Each summer for the past few years, Canada geese in Seattle’s public parks have been rounded up for lethal removal as part of a government program designed to reduce the number of geese residing in areas used by people. The geese, which were reintroduced to the northern United States after being hunted nearly to extinction, are maligned by some because they foul beaches and play fields with their feces. The geese have rebounded and even thrived in recent years, and today their numbers, along with their attraction to the Puget Sound’s lush green lawns and sports fields, have made them the target of "lethal removal" every summer, when they lose their flight feathers and can easily be caught.
In March, along with its partner The Humane Society of the United States (HSUS), PAWS agreed in principle with the Seattle Parks Department to embark upon a joint venture that will develop and promote humane methods of managing the conflict between geese and patrons of Seattle’s parks. PAWS and HSUS will recruit and train volunteers to help find nesting locations so that vegetable oil can be applied to goose eggs (which keeps them from hatching). Addling, as the egg-oiling procedure is called, is likened by humane groups to a spay-and-neuter program for geese, and is the cornerstone of humane population management.
Volunteers, whose efforts will be coordinated under the umbrella of an official Parks Department program, will also help mitigate the impact of geese by helping to clean beaches and grassy areas at some of the city’s most popular gathering spots, including Gas Works and Green Lake parks. In addition to taking care of such “dirty work,” trained volunteers will use light-emitting laser devices to shoo geese away from the sites at which they have historically caused the greatest number of citizen complaints. According to Dr. John Hadidian, Director of Urban Wildlife Programs for The HSUS (and a key advisor to the humane program), geese can be "de-habituated" with laser harassment. "The birds are smart, and learn quickly to avoid spots where they’re likely to encounter dogs, bright lights, or other irritants. Encouraging geese to move where they’re more likely to be tolerated is one of the best ways to keep the birds out of harm’s way," Hadidian said.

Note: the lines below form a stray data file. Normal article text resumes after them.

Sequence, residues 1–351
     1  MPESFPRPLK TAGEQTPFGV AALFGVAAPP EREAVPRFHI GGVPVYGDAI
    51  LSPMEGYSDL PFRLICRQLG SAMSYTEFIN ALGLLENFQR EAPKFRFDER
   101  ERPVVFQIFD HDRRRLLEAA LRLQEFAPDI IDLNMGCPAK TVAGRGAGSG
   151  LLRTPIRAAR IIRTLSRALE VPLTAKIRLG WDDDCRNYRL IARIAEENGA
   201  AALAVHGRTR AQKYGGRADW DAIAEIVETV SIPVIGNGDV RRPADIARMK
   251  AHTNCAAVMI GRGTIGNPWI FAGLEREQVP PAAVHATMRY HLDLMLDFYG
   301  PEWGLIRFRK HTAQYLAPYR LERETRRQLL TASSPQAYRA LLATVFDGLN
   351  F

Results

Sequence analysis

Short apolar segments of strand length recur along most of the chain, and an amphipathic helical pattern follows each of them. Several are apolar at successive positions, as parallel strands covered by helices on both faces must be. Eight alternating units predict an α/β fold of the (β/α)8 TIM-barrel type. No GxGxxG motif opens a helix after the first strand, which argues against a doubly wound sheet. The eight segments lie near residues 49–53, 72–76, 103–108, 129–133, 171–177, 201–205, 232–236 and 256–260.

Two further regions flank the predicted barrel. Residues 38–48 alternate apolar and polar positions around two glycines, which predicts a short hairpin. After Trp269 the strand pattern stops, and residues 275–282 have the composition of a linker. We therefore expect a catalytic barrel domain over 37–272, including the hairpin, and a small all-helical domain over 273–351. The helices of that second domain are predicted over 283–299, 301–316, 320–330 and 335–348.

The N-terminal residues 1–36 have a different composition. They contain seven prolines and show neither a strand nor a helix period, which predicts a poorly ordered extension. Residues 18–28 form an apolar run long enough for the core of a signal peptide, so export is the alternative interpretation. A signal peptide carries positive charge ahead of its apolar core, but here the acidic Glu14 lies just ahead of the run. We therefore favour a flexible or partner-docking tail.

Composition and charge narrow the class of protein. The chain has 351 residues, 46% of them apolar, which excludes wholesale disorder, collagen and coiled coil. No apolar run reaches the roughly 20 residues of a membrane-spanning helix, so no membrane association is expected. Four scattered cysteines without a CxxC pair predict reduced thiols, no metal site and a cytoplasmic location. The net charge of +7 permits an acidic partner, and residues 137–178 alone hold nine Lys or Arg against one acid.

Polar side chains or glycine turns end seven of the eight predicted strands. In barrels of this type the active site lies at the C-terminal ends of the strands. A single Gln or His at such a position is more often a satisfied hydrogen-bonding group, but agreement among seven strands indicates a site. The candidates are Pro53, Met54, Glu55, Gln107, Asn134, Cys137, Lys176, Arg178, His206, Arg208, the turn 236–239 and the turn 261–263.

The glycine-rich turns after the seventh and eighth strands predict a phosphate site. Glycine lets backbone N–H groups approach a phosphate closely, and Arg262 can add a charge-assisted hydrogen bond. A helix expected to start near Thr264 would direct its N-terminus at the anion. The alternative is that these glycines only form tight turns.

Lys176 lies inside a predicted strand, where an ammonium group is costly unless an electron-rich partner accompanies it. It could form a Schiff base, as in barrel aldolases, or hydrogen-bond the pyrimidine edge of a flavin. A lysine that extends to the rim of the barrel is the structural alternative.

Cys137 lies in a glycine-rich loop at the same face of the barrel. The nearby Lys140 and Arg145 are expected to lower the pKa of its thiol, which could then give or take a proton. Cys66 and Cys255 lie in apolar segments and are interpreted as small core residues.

Assuming PAWS and the City can agree to parameters that will govern the new program, the Seattle Parks Department will suspend the lethal removal of geese within parks through 2005. If the pilot program is successful, it will be expanded to more city parks next year, and humane management methods will make the killing of these majestic birds a thing of the past.